Private equity-backed Golfsmith International has taken the next steps in its case as the specialty golf retailer pursues a dual-track reorganization process that could end in either a reorganization or a sale.
On Wednesday, Judge Laurie Selber Silverstein of the U.S. Bankruptcy Court for the District of Delaware in Wilmington approved Golfsmith's bidding procedures for its assets, fixing the timetable for the auction process. A day earlier, it filed a restructuring support agreement with two of its senior noteholders.
Bids for the debtor's assets are due on Oct. 17 ahead of an auction two days later. If the winning bid envisioned a liquidation of the debtor's assets, a sale hearing would be held on Oct. 24. If the winning bid called for purchasing Golfsmith as a going concern, the sale hearing would follow on Oct. 31. A final order approving the bidding procedures has not been entered into the court docket as of Thursday morning.
Golfsmith said Wednesday that it already has two going-concern bidders, according to Thomas S. Onder of Stark & Stark, who was present at the hearing. Onder represents Ramco-Gershenson Properties Trust (RPT) - Get RPT Realty Report , landlord of two Golfsmith locations. The debtor has not designated a lead bidder for its assets.
A Golfsmith spokesman did not respond to a request for comment.
Other retailers to pursue dual-track reorganizations recently have had varying degrees of success. Sporting goods retailer Sports Authority wound up liquidating its assets entirely, while teen clothing retailer Aéropostale averted a full-chain liquidation by completing a going-concern sale to a consortium of two REITs, two liquidators and licensing company Authentic Brands.
Time is of the essence in Golfsmith's bankruptcy proceedings. Provisions in the debtor's $135 million debtor-in-possession loan from Antares Capital require the debtor to consummate a sale by Oct. 31.
A fast-approaching prime selling season adds another layer of urgency.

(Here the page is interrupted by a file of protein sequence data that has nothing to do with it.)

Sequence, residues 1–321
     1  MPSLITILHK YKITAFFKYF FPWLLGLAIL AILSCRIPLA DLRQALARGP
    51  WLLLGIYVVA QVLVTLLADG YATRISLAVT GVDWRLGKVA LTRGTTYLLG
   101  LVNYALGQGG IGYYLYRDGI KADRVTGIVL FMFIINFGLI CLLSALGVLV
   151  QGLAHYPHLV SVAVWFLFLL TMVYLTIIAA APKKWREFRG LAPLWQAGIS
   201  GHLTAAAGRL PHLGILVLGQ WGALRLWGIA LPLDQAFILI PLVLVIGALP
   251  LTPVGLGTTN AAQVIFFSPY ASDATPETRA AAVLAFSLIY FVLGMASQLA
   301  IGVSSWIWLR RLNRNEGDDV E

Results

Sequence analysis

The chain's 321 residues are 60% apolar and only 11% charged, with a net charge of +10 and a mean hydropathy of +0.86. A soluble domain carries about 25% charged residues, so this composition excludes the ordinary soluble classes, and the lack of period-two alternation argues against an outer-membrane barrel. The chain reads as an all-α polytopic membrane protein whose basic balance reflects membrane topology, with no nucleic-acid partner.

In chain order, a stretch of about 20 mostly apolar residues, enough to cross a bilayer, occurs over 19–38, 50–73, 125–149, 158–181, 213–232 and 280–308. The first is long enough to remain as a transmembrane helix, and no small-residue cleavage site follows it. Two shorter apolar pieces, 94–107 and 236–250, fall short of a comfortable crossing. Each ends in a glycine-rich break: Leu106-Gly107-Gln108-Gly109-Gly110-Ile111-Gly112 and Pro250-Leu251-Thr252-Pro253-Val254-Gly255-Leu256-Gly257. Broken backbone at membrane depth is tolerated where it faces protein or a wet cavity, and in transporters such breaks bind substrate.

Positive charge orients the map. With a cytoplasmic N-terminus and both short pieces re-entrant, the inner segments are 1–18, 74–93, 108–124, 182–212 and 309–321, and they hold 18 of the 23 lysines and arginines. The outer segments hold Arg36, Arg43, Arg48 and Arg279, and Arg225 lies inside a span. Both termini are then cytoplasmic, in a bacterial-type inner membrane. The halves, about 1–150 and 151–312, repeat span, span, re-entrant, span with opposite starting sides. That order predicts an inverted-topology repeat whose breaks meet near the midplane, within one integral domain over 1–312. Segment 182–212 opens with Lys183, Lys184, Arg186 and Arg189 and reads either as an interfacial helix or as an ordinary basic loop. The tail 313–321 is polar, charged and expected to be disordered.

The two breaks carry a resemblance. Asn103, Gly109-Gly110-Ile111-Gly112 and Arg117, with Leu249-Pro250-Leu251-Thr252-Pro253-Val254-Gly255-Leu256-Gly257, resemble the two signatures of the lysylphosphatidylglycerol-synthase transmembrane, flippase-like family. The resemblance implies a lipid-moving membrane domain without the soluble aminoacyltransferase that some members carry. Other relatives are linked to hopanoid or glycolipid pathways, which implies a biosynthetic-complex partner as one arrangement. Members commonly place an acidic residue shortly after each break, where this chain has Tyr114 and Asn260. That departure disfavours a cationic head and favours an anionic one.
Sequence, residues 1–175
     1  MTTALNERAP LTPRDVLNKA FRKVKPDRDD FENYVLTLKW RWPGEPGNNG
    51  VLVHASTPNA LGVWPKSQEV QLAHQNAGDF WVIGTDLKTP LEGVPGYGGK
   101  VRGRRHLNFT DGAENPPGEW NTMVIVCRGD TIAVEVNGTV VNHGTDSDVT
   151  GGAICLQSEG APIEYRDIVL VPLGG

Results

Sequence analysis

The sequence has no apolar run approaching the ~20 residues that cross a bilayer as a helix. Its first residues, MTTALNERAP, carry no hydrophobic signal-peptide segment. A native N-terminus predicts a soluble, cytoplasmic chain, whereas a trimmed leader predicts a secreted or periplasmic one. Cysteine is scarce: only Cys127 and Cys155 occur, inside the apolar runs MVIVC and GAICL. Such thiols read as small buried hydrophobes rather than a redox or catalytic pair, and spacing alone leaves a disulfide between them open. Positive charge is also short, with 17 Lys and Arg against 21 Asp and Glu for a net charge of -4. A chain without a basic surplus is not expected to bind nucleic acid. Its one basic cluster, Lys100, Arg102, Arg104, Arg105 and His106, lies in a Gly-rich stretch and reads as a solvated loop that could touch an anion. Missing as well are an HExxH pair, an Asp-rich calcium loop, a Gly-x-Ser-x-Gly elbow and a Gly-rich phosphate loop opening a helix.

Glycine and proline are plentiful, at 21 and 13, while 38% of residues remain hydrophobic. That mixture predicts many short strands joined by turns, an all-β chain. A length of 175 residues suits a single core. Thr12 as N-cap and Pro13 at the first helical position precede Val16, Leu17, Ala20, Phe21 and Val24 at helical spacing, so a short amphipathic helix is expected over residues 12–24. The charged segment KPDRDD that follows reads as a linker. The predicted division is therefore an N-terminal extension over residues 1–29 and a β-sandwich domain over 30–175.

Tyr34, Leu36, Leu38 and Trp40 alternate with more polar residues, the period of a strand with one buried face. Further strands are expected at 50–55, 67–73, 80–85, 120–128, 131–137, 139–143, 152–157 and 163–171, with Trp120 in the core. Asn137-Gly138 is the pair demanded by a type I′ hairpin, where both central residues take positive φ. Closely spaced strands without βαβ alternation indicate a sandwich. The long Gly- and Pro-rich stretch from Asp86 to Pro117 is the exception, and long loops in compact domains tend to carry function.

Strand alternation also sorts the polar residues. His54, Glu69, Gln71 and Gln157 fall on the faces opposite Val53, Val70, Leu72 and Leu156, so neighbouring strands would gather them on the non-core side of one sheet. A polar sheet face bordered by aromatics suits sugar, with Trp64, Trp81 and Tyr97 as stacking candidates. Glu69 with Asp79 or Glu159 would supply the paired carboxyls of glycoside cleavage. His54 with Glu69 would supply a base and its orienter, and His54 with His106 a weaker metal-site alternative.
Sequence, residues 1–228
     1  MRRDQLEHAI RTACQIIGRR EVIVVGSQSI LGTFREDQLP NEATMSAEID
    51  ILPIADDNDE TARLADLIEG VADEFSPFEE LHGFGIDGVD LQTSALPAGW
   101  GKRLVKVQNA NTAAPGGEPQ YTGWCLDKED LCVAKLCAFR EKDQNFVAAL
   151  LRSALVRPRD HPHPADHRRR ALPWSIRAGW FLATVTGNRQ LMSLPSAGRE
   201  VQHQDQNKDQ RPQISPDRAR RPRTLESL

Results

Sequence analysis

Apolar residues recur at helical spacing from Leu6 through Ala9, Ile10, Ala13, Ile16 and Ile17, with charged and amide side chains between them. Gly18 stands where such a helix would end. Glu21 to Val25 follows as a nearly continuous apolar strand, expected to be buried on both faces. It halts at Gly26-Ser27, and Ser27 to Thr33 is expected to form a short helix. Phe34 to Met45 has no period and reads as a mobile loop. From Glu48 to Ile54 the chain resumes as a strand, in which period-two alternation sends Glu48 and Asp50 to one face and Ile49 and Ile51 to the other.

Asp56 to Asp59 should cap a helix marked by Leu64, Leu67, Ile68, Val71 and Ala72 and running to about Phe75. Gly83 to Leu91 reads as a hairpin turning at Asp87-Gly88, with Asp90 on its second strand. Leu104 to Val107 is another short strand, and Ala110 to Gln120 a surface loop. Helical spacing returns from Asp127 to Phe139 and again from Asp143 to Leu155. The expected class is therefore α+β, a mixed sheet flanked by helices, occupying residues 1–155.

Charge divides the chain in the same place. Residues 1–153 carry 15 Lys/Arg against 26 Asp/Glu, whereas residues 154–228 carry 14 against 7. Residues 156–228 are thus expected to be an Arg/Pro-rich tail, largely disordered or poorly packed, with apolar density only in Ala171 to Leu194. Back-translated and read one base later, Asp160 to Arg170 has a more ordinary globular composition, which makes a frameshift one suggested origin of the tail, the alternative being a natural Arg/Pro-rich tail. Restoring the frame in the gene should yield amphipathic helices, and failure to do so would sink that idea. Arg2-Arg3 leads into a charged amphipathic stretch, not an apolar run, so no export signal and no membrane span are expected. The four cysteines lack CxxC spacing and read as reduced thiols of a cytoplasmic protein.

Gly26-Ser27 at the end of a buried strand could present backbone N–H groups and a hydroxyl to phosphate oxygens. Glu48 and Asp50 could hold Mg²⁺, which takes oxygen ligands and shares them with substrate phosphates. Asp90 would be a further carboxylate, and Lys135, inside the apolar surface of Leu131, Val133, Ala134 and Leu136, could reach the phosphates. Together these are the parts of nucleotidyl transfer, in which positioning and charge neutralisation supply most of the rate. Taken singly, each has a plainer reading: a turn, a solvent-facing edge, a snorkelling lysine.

"Executing a going concern sale with alacrity will restore the confidence of Golfsmith's vendors," the debtor said in its bidding procedures motion. "This, in turn, will allow a reorganized Golfsmith to acquire 'new generation' golf equipment and other mainstay merchandise on more relaxed trade terms leading up to and during the upcoming holiday season."
A sale may not be necessary in the end, however. The debtor's restructuring support agreement with second-lien noteholders Fairfax Financial and CI Investments calls for senior secured noteholders to receive a 100% equity interest in the reorganized debtor and swap roughly $95 million in second-lien notes for $35 million of new 12% second-lien notes.
Fairfax and CI Investments already are set to purchase Golfsmith's Canadian business, Golf Town Canada. A Canadian court approved the transaction on Sept. 30; terms of the deal have not been made public.
Silverstein, meanwhile, rejected Golfsmith's request to hold a hearing on its restructuring support agreement on Oct. 13, according to Onder. A date for the hearing has not been finalized, but it is a virtual certainty that the agreement will come up for approval by Oct. 31, given the expedited auction process.
A portfolio company of Omers Private Equity, Golfsmith's struggles trace back to plummeting interest in its namesake sport. Data from the National Golf Foundation shows a steady decline in the total number of people who played at least one round of the sport in the previous year (roughly 24 million in 2016 compared with 25.7 million in 2011 and roughly 30 million in 2005). Nike (NKE) - Get NIKE, Inc. (NKE) Report announced in August that it would stop selling golf clubs, balls and bags.
Founded in 1967, Golfsmith sold a majority stake in October 2002 to First Atlantic Capital. The retailer went public on June 15, 2006, and on July 24, 2012, merged with Omers' Golf Town, which the Canadian firm had taken private for C$240 million ($183 million) in September 2007.
The Austin, Texas, debtor listed $100 million to $500 million in assets and liabilities in its Sept. 14 petition.
Michael F. Walsh, David N. Griffiths, Danielle D. Donovan and Charles M. Persons of Weil, Gotshal & Manges and Mark D. Collins, Andrew Dean, Zachary I. Shapiro and Brett M. Haywood of Richards, Layton & Finger are debtor counsel.
Brian Cejka of Alvarez & Marsal is chief restructuring officer. Robert J. White of Jefferies is Golfsmith's investment banker.